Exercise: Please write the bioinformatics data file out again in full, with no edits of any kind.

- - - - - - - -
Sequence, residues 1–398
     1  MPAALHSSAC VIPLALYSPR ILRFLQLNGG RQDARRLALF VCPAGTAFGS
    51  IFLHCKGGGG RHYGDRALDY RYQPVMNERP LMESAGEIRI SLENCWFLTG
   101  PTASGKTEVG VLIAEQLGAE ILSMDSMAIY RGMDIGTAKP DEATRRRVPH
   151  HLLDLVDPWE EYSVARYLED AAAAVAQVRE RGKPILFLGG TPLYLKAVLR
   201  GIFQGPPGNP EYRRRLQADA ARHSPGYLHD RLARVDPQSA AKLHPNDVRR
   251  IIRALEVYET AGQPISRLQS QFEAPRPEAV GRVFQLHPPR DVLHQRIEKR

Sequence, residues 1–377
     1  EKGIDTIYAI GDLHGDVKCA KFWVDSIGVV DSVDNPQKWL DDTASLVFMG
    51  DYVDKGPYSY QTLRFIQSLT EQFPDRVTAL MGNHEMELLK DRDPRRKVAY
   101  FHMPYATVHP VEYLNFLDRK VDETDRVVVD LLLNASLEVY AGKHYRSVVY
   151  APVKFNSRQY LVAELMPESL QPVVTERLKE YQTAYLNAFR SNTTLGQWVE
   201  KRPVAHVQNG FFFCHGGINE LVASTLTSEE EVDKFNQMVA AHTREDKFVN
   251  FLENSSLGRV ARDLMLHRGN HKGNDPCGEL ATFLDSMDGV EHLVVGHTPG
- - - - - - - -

Sequence, residues 1–398
     1  MPAALHSSAC VIPLALYSPR ILRFLQLNGG RQDARRLALF VCPAGTAFGS
    51  IFLHCKGGGG RHYGDRALDY RYQPVMNERP LMESAGEIRI SLENCWFLTG
   101  PTASGKTEVG VLIAEQLGAE ILSMDSMAIY RGMDIGTAKP DEATRRRVPH
   151  HLLDLVDPWE EYSVARYLED AAAAVAQVRE RGKPILFLGG TPLYLKAVLR
   201  GIFQGPPGNP EYRRRLQADA ARHSPGYLHD RLARVDPQSA AKLHPNDVRR
   251  IIRALEVYET AGQPISRLQS QFEAPRPEAV GRVFQLHPPR DVLHQRIEKR

Sequence, residues 1–377
     1  EKGIDTIYAI GDLHGDVKCA KFWVDSIGVV DSVDNPQKWL DDTASLVFMG
    51  DYVDKGPYSY QTLRFIQSLT EQFPDRVTAL MGNHEMELLK DRDPRRKVAY
   101  FHMPYATVHP VEYLNFLDRK VDETDRVVVD LLLNASLEVY AGKHYRSVVY
   151  APVKFNSRQY LVAELMPESL QPVVTERLKE YQTAYLNAFR SNTTLGQWVE
   201  KRPVAHVQNG FFFCHGGINE LVASTLTSEE EVDKFNQMVA AHTREDKFVN
   251  FLENSSLGRV ARDLMLHRGN HKGNDPCGEL ATFLDSMDGV EHLVVGHTPG